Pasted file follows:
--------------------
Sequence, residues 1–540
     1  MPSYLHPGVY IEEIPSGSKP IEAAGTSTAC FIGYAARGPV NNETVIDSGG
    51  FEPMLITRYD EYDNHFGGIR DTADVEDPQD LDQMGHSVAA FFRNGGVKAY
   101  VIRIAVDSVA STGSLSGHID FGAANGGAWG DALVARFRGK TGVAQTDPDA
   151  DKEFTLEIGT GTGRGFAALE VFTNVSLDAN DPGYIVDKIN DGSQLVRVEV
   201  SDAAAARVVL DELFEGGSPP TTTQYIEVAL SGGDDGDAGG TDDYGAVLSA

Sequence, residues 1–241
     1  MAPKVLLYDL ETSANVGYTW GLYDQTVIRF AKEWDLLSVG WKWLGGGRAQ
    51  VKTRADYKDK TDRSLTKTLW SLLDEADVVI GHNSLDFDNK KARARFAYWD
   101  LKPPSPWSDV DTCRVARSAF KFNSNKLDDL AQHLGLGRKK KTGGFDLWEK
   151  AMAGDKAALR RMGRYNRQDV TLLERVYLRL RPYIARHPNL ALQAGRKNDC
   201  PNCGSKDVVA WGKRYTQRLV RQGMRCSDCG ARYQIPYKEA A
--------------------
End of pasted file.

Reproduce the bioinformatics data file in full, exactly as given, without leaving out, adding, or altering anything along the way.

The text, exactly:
Sequence, residues 1–540
     1  MPSYLHPGVY IEEIPSGSKP IEAAGTSTAC FIGYAARGPV NNETVIDSGG
    51  FEPMLITRYD EYDNHFGGIR DTADVEDPQD LDQMGHSVAA FFRNGGVKAY
   101  VIRIAVDSVA STGSLSGHID FGAANGGAWG DALVARFRGK TGVAQTDPDA
   151  DKEFTLEIGT GTGRGFAALE VFTNVSLDAN DPGYIVDKIN DGSQLVRVEV
   201  SDAAAARVVL DELFEGGSPP TTTQYIEVAL SGGDDGDAGG TDDYGAVLSA

Sequence, residues 1–241
     1  MAPKVLLYDL ETSANVGYTW GLYDQTVIRF AKEWDLLSVG WKWLGGGRAQ
    51  VKTRADYKDK TDRSLTKTLW SLLDEADVVI GHNSLDFDNK KARARFAYWD
   101  LKPPSPWSDV DTCRVARSAF KFNSNKLDDL AQHLGLGRKK KTGGFDLWEK
   151  AMAGDKAALR RMGRYNRQDV TLLERVYLRL RPYIARHPNL ALQAGRKNDC
   201  PNCGSKDVVA WGKRYTQRLV RQGMRCSDCG ARYQIPYKEA A